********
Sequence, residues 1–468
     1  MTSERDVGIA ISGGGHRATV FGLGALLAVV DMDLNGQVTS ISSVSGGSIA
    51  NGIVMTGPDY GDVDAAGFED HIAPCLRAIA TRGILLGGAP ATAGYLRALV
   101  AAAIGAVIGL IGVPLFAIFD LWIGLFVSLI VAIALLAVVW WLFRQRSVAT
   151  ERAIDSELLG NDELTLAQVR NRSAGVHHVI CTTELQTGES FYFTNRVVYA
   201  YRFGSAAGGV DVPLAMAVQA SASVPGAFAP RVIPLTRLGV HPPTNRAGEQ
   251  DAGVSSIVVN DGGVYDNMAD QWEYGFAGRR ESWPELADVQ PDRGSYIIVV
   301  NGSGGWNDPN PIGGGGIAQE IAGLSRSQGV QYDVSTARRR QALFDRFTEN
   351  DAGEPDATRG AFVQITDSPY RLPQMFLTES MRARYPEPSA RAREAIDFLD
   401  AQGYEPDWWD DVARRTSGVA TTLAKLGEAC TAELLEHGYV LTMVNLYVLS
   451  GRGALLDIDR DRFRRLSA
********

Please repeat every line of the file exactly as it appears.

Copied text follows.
Sequence, residues 1–468
     1  MTSERDVGIA ISGGGHRATV FGLGALLAVV DMDLNGQVTS ISSVSGGSIA
    51  NGIVMTGPDY GDVDAAGFED HIAPCLRAIA TRGILLGGAP ATAGYLRALV
   101  AAAIGAVIGL IGVPLFAIFD LWIGLFVSLI VAIALLAVVW WLFRQRSVAT
   151  ERAIDSELLG NDELTLAQVR NRSAGVHHVI CTTELQTGES FYFTNRVVYA
   201  YRFGSAAGGV DVPLAMAVQA SASVPGAFAP RVIPLTRLGV HPPTNRAGEQ
   251  DAGVSSIVVN DGGVYDNMAD QWEYGFAGRR ESWPELADVQ PDRGSYIIVV
   301  NGSGGWNDPN PIGGGGIAQE IAGLSRSQGV QYDVSTARRR QALFDRFTEN
   351  DAGEPDATRG AFVQITDSPY RLPQMFLTES MRARYPEPSA RAREAIDFLD
   401  AQGYEPDWWD DVARRTSGVA TTLAKLGEAC TAELLEHGYV LTMVNLYVLS
   451  GRGALLDIDR DRFRRLSA